Economic Importance for Humans: Positive

Some species of chitons are often found in Indian and West Indian foods, and they are used as bait.

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Wikipedia

Gumboot chiton

The gumboot chiton, Cryptochiton stelleri, also known as the Giant Western Firey Chiton, is the largest of the chitons, growing to 36 cm (14 in) and over 2 kg (4.4 lb). It is found along the shores of the northern Pacific Ocean from Central California to Alaska, across the Aleutian Islands to the Kamchatka Peninsula and south to Japan.[1] It inhabits the lower intertidal and subtidal zones of rocky coastlines.

Chitons are molluscs which have eight armored plates (called valves) running in a flexible line down their back. Unlike most chitons, the gumboot's valves are completely hidden by its leathery upper skin or girdle, which is usually reddish-brown, brown, and occasionally orange in color. The gumboot chiton's appearance has led some tidepoolers to fondly refer to it as the "wandering meatloaf."

Names[edit]

The name "Gumboot Chiton" seems to derive from a resemblance to part of a rubber Wellington boot or "gum rubber" boot[2]

The Latin name Cryptochiton stelleri means Steller's hidden chiton. "Steller" is in honor of the 18th-century German zoologist Georg Wilhelm Steller, who first described many species of the northern Pacific seashore. "Hidden" or "concealed" refers to the fact that the eight shelly plates characteristic of chitons are not visible, being totally internal in this genus of chiton.[3] Many taxonomic names for chitons are based on the appearance of their plates or valves, and so it is most likely that the "hidden" portion of the name refers to the valves being completely obscured by the gumboot's girdle.[4]

Life[edit]

The underside of a live Cryptochiton stelleri, showing the foot, in the center, surrounded by the gills and mantle. The mouth is visible above and to the left of the foot.

The gumboot chiton's underside is orange or yellow and consists mostly of a large foot similar to that of other molluscs like snails or slugs, with gills found in grooves running along the outer edge of the foot.[5] The gumboot chiton is found clinging to rocks, moving slowly in search of its diet of algae, scraped off of rocks with its rasp-like retractable radula, covered with rows of magnetite-tipped teeth. It also eats other marine vegetation such as sea lettuce and giant kelp. A nocturnal creature, the gumboot generally feeds at night and often remains in a hiding place during the day — although on foggy days it may be found exposed in tide pools or on rocks.[6]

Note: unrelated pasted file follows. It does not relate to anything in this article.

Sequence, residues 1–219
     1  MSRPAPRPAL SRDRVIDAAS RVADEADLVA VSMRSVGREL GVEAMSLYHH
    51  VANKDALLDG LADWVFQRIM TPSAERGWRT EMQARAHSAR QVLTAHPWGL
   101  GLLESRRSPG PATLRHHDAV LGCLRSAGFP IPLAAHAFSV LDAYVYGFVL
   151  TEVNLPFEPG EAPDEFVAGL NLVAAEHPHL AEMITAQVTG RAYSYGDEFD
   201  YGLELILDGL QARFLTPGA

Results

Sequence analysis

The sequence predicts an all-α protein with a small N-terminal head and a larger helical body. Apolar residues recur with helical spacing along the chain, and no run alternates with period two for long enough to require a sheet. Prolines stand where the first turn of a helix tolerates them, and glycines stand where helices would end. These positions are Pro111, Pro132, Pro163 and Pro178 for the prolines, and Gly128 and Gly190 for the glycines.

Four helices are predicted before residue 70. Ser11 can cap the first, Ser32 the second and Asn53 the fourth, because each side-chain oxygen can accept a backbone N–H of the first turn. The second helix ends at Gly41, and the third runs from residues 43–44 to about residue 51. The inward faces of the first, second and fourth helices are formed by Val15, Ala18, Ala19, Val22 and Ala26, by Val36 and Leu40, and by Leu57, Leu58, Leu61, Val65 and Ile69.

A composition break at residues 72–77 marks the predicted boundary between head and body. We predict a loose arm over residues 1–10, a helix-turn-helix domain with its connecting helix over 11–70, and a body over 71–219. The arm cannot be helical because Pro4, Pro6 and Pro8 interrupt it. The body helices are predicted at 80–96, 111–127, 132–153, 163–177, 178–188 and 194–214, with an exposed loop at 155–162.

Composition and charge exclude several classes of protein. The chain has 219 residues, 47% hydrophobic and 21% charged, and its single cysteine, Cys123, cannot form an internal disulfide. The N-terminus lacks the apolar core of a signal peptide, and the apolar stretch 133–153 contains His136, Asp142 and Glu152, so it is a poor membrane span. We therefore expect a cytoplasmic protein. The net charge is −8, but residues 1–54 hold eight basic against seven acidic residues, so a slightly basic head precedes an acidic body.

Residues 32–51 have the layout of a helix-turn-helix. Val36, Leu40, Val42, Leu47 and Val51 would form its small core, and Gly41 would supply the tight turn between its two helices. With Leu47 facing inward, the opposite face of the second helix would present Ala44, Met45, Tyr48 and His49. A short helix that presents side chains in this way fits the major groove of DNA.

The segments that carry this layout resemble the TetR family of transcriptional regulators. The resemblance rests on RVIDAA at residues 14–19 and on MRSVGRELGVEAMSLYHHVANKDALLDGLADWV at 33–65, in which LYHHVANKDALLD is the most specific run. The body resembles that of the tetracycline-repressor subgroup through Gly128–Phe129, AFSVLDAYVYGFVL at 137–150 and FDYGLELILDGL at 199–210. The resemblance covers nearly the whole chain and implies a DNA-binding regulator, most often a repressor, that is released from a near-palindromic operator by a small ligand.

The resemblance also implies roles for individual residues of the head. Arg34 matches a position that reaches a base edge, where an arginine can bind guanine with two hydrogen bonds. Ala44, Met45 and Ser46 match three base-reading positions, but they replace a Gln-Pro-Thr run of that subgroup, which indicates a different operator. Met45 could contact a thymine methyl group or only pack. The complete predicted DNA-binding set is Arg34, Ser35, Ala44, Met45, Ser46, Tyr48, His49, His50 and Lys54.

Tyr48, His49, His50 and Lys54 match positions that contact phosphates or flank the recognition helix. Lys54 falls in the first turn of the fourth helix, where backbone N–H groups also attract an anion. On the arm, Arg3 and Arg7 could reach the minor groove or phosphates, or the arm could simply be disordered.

The gumboot can live for over 40 years. It has few natural predators, the most common being the lurid rocksnail, Ocenebra lurida — although the small snail's efforts to consume the chiton are generally limited to the outer mantle only. It is sometimes reported that the lurid rocksnail is in fact the gumboot chiton's only predator,[7] but others list such animals as the sea star Pisaster ochraceus,[8] some octopus species,[9][full citation needed] and the Sea Otter.[10]

Several other animal species have been observed living within the gumboot's gills; the relationship is thought to be commensal: neither harmful nor helpful to the chiton. One researcher[11] found that more than a quarter of gumboots hosted an Arctonoe vittata, a pale yellow scale worm which can grow up to 10 cm (3.9 in) length. Opisthopus transversus, a small crab, is also sometimes found within the gills.[12][full citation needed]

Human interaction[edit]

Hermit crabs and live Tegula funebralis snails on a dead Gumboot chiton, Cryptochiton stelleri, in a tide pool at low tide in central California

Its flesh is edible, and has been used as a food source by Native Americans, as well as by Russian settlers in Southeast Alaska.[6] However, it is not generally considered palatable, with a texture described as extremely tough and rubbery. The writers of Between Pacific Tides further detail the culinary drawbacks of the gumboot: "After one experiment the writers decided to reserve the animals for times of famine; one tough, paper-thin steak was all that could be obtained from a large cryptochiton, and it radiated such a penetrating fishy odor that it was discarded before it reached the frying pan."[13][full citation needed]

The gumboot chiton's bony armoring plates, called "butterfly shells" due to their shape, can sometimes be found washed up on beaches, as can whole chitons: the gumboot keeps a weaker grip on the rocks that make up its home than most chitons do, and therefore it is not unusual for them to be knocked loose in heavy waves.

References[edit]

Notes[edit]

  1. ^ Ricketts et al. p 105. Also Cowles.
  2. ^ Fields, Carmen (1999). Alaska's Seashore Creatures: A guide to selected marine invertebrates. Alaska Northwest Books. ISBN 0-88240-516-0.  p. 27.
  3. ^ BioMEDIA's Gumboot Chiton page
  4. ^ This explanation is offered by Patricia Lichen's Brittle Stars & Mudbugs p. 102 (Sasquatch Books, 2001).
  5. ^ Cowles.
  6. ^ a b Ricketts et al. p 103.
  7. ^ The Monterey Bay Aquarium reports this.
  8. ^ Taxonomy: Gumboot Chiton
  9. ^ ibid.
  10. ^ Perrin, William et al. (2002). Encyclopedia of Marine Mammals. Academic Press. ISBN 0-12-551340-2.  p 847.
  11. ^ Ricketts et al. p 105
  12. ^ ibid.
  13. ^ ibid.